Every story is a collection of details, an accumulation of notes about expressions, actions, reactions, natural phenomenon, etc. Sometimes those details are layered on with a heavy trowel, burying the reader under a mountain of words. Sometimes they’re used more sparingly, leaving more of the heavy lifting for the reader’s imagination to fill in gaps.
Sometimes, they’re used really, really specifically.
Consider Roger Avary’s 2002 film, The Rules of Attraction. Based on the 1987 novel by Bret Easton Ellis, it’s a film that remains somewhat ignored and controversial. It is, after all, adapted from an Ellis novel, which means it is a film about Monied Trash People who screw and puke and get stoned and exist for no reason whatsoever, and wallows in their elite crapulence. It has Patrick Bateman’s little brother as a lead character. You can’t like anyone in the story, and the story itself eats its own tail and appears to be about nothing much at all.
The film’s pretty amazing.
Number one, you have James Van Der Beek, still young-looking enough to be Dawson, giving a really great performance as the creepy, dumb, pathetic Sean Bateman. Number two, there are a lot of little tricks that work in this movie, from extended sequences played backwards, complete with backwards sound, and split screens and super creepy close ups of people. The performances are solid. If you can stomach the awful Monied Trash People who are its subjects—and the fact that one of the leads is literally raped within the first two minutes of the film—it’s a fascinating movie that has emerged from 2002 more or less unscathed except for the fact that no one has a cell phone.
But the real reason you should watch this movie is one of the details: This woman.
Before he ruins it with a shitty flashback montage obviously designed for idiots who aren’t paying attention, Avary does something really great with this character, who is unnamed in both the novel and the film. It’s a clear use of planting details purposefully—not to bury the reader/viewer in minutiae, or to world build, but simply for effect. Anyone writing their own stories can learn this trick and make it their own.
A Little Exposition
First, though, for anyone who hasn’t seen the movie or read the book, a little exposition. Spoilers for a movie that came out in 2002, if you really are that weird, follow.
James Van Der Beek plays Sean Bateman, attending elite Camden College, where he has been receiving anonymous letters from a girl. His secret admirer leaves her perfumed, glitter-bomb letters in his campus PO box and never signs them. Sean is smitten with his unseen admirer, and comes to suspect she is Lauren, an elfin virgin played by Shannyn Sossamon, who he meets cute and falls in love with. On the day of a big party, his stalker leaves a letter telling Sean that “tonight is the night” that they will finally meet. But when Sean arrives at the party Lauren isn’t there, and he decides to sleep with her roommate (played by Jessica Biel as a coke-sniffing wild child).
When the author of the letters is revealed, however, halfway through the film, it appears to be a girl we’ve never seen before. A wholly new character who is devastated when Sean goes off with the plastic and awful Biel. Avary, in fact, cuts from the narrative to spend several minutes with this new face as she commits suicide in the communal dorm bathroom, keeping a tight focus on her face as she bleeds out. It’s harrowing; her face starts off blank and depression-numbed, but as she bleeds it collapses into a flurry of emotions that is truly hard to watch.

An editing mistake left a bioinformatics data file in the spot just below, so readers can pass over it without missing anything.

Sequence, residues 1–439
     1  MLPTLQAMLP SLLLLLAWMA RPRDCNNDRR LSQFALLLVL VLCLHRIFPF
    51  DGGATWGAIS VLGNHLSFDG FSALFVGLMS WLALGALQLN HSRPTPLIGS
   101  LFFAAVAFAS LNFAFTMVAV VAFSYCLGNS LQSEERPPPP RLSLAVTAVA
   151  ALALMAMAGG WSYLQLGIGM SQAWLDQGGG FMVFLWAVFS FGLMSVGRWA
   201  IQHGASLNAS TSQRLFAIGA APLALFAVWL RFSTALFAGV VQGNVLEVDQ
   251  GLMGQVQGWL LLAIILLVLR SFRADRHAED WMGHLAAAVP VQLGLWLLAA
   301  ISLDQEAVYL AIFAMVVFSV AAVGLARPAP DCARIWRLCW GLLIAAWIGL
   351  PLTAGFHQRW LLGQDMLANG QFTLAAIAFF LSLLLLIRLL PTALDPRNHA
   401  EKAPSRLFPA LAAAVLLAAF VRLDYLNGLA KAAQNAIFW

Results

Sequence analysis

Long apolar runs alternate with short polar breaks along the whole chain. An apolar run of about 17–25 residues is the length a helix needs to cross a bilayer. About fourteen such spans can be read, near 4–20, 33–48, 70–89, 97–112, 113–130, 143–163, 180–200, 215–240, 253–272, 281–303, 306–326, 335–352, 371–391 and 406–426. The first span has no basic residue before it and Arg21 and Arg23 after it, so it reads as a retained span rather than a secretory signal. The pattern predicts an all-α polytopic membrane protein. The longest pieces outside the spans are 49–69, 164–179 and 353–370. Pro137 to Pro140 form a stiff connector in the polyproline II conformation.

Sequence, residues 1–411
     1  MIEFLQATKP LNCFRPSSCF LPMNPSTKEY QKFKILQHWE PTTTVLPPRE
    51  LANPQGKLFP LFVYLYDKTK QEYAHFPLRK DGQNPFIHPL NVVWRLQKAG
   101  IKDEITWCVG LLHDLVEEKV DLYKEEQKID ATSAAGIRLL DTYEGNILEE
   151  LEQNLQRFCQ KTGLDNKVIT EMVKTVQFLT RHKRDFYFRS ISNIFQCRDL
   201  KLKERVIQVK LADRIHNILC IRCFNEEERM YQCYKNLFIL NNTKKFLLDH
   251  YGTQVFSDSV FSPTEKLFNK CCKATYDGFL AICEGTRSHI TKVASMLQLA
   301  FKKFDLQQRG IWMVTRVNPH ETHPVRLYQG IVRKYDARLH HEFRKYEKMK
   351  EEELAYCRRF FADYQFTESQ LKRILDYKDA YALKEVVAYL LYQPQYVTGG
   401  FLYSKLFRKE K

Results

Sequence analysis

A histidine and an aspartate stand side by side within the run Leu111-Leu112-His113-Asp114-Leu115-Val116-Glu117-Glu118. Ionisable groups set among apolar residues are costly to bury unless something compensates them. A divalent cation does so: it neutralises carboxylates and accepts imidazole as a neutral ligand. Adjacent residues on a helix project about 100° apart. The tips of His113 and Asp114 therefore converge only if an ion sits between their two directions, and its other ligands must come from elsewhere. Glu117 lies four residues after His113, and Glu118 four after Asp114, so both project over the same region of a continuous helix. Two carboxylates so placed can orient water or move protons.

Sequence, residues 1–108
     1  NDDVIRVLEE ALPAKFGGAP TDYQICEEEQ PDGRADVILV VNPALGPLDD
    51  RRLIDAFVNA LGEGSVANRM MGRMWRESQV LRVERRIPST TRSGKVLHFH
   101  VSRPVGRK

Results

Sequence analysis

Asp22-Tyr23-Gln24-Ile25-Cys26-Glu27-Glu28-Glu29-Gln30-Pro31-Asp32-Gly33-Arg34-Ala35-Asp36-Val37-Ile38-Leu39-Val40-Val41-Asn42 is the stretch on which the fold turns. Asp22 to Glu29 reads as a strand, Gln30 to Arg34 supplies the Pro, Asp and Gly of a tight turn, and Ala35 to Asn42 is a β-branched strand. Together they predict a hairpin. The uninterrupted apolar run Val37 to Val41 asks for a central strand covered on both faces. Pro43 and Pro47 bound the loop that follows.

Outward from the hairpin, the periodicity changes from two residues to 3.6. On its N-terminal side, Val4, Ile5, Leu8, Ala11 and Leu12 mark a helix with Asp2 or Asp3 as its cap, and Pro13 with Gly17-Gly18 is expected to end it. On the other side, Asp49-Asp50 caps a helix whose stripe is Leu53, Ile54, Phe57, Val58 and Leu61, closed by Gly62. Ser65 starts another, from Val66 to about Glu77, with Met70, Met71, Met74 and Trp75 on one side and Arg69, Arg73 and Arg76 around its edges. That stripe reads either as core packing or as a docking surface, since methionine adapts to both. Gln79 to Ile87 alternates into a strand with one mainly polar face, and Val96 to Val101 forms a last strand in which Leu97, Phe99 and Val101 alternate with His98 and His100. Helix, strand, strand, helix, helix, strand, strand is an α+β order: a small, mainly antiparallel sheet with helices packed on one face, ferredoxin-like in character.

As a first-time viewer, you can’t help but wonder where in the hell she came from.
On second viewing, you see it: She’s been there all along. The character appears four times before her suicide, always stalking Sean Bateman. She’s in the foreground, the background. She’s at the party when Sean, thinking Lauren has stood him up, leaves with her roommate. She’s always been there. We just didn’t notice.
(And then, yes, Avary ruins it by including a hamfisted montage of those prior scenes just to make sure we get it, and it’s so awful it makes me angry to this day, because it ruins a truly perfect moment).
The Power of Details
Avary’s choice to have the character in scenes but keep her part of the set dressing is a powerful one, because it makes the audience complicit with Sean. We’ve both just spent the entire movie not noticing this girl. We’re both mystified when she appears on screen, her face filling the frame (or Sean would be if he ever realized his mistake, which he does not). If you didn’t notice the girl the first time around (and if you claim you did I don’t quite believe you), her suicide is shocking. It’s powerful storytelling pulled from a few details Avary scatters here and there.
And he’s not done. Because in the sequence when Sean is having sex with Lauren’s roommate in their dorm room, he glances up from Biel’s contorted face at the wall where a collage of photos has been pasted up. And one of those photos is of Lauren and the unnamed stalker girl, who is killing herself in the bathroom a few doors away at that precise moment.
The implications are strong. And never explained. Obviously, Lauren and this girl know each other, and thus she must be part of their shared world on campus. And yet Sean Bateman has no idea she exists. He meets Lauren and decides he is in love with her within a short time, but he never even sees this girl who is literally following him everywhere and is friends with Lauren herself.
Avary’s decision to leave the girl’s character as a string of details is brilliant, even if it is ruined by that later montage. The viewer has to extrapolate the whole story from a few grains, and it elevates the film. In a world where a lot of writers seem to think that the more dense your details the more real your world will feel, there’s a lessen, and it’s pretty clear: Less is more. But only if you know what you’re doing.